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Publication numberUS3618269 A
Publication typeGrant
Publication dateNov 9, 1971
Filing dateAug 1, 1969
Priority dateAug 1, 1969
Publication numberUS 3618269 A, US 3618269A, US-A-3618269, US3618269 A, US3618269A
InventorsLeppanen Paul A, Robillard Edward G, Uhtenwoldt Herbert R
Original AssigneeHeald Machine Co
Export CitationBiBTeX, EndNote, RefMan
External Links: USPTO, USPTO Assignment, Espacenet
Grinding machine
US 3618269 A
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Description  (OCR text may contain errors)

Nov. 9, 1971 E G. ROBlLLARn ErAL 3,618,269


Nov. 9 1,971 E; G, RomLLARn ErAL 3,618,29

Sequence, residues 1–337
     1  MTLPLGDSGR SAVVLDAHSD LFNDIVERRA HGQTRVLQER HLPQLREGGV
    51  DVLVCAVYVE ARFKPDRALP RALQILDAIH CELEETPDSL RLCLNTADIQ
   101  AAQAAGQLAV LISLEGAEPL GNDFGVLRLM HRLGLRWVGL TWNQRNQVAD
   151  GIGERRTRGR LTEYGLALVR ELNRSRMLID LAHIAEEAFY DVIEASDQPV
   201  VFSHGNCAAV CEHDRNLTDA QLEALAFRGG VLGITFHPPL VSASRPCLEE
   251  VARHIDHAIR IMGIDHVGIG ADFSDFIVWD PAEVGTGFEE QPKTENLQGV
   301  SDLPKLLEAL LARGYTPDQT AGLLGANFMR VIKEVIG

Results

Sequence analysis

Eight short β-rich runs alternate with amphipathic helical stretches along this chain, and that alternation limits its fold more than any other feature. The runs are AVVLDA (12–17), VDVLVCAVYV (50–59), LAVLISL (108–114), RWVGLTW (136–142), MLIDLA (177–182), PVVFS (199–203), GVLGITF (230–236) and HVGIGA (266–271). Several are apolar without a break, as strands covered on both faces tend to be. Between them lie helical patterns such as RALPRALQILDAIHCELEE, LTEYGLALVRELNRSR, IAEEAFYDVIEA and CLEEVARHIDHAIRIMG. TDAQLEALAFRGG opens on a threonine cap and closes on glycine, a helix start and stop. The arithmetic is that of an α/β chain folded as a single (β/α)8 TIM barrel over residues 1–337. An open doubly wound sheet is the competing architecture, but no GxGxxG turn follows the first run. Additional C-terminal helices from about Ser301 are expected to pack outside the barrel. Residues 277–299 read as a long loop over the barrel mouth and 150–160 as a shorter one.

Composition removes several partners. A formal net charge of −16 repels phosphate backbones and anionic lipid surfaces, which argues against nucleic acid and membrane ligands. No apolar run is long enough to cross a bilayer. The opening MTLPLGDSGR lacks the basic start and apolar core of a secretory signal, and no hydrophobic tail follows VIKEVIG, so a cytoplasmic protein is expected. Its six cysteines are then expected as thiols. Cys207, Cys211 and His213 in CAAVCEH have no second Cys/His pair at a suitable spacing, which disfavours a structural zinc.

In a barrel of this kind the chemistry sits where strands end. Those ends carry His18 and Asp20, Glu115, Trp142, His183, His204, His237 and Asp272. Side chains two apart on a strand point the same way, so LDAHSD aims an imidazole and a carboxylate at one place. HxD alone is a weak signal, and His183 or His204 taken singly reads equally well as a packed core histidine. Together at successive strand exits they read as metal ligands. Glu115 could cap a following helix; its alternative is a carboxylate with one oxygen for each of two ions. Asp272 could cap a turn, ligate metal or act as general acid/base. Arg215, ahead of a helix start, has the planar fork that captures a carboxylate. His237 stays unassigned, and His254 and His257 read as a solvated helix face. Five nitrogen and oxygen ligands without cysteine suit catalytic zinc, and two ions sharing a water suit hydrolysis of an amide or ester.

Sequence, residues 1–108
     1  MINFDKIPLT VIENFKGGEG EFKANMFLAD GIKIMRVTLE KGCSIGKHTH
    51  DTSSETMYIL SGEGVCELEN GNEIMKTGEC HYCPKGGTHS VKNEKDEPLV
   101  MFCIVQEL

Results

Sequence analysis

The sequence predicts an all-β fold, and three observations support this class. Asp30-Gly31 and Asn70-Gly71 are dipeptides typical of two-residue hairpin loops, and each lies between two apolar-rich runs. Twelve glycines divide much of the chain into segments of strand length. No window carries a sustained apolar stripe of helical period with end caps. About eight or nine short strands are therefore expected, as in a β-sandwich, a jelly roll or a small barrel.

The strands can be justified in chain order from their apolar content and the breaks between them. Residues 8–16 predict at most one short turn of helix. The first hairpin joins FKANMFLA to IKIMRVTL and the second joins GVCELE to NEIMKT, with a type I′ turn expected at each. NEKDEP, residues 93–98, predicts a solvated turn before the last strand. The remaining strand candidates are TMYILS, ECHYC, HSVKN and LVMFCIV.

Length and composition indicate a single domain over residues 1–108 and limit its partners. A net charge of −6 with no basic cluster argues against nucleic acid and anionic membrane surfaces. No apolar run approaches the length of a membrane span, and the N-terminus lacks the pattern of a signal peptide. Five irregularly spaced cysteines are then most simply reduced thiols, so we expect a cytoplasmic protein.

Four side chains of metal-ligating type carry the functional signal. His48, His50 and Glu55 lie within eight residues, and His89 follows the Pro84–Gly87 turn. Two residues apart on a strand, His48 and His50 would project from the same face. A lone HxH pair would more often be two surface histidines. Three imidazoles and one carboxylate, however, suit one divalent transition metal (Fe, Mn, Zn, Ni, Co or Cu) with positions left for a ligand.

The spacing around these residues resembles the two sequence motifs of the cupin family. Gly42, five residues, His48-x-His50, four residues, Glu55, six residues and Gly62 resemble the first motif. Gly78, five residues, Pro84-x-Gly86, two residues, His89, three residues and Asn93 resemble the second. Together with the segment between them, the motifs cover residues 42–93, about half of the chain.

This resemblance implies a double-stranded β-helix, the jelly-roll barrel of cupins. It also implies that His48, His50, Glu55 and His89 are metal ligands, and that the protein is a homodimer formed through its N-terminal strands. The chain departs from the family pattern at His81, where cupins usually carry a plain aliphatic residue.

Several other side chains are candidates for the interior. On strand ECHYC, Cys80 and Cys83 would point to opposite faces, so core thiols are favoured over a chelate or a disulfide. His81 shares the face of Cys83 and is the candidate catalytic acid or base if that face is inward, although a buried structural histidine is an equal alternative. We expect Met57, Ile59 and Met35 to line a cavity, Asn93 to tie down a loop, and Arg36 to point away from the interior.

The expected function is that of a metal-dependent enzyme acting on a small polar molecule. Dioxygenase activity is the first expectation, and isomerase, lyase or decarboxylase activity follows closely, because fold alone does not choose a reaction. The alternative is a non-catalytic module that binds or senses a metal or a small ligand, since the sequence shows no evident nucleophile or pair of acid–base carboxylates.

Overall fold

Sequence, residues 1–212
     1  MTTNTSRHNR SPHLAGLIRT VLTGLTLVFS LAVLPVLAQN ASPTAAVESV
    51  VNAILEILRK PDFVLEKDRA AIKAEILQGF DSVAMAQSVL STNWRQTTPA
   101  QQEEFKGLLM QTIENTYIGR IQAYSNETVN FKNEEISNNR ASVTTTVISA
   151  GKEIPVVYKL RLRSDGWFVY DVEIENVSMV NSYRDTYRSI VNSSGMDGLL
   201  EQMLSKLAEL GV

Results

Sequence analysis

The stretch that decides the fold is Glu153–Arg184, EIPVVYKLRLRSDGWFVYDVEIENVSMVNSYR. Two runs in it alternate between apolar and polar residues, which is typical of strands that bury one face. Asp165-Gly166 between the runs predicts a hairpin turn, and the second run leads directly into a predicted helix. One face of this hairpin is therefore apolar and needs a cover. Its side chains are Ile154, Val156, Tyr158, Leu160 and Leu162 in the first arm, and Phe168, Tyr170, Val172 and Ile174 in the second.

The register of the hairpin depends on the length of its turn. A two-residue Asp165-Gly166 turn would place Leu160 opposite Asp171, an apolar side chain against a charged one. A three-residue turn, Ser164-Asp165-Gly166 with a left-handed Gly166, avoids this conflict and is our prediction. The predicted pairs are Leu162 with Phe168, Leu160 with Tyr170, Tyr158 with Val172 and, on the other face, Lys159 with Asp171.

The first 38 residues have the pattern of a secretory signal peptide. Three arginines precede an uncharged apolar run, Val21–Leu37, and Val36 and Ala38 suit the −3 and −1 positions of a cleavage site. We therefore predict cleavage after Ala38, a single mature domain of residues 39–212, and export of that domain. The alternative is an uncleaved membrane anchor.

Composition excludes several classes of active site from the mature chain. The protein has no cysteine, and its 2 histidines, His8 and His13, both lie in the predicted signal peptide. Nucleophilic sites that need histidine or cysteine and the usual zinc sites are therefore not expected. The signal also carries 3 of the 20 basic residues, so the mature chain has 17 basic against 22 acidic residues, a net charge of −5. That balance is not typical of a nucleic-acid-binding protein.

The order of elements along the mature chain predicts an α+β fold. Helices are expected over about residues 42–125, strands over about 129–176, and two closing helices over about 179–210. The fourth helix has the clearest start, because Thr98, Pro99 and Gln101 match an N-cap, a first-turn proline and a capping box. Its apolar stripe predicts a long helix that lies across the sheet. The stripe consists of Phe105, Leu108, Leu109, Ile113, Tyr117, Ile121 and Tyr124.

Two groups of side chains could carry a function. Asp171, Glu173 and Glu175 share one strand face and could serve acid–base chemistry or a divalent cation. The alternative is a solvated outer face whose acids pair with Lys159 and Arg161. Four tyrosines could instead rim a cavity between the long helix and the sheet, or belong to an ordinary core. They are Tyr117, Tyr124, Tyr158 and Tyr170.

GRINDING MACHINE Filed Aug. 1,v 1969 2 sheets-sheet United States Patent O1 hee 3,618,269 Patented Nov. 9, 1971 3,618,269 GRINDING MACHINE Edward G. Robillard, Cherry Valley, Herbert R. Uhten- Woldt, Worcester, and Paul A. Leppanen, Gardner,

Mass., assignors to The Heald Machine Company,

Worcester, Mass.

Filed Aug. 1, 1969, Ser. No. 846,901 Int. Cl. B24b 49/08 U.S. Cl. 51-165.9 5 Claims ABSTRACT F THE DISCLOSURE This invention relates to a grinding machine and, more particularly, to apparatus for nishing surfaces of revolution by the abrasive process, wherein the forces between the abrasive wheel and the workpiece are maintained at accurately-determined levels.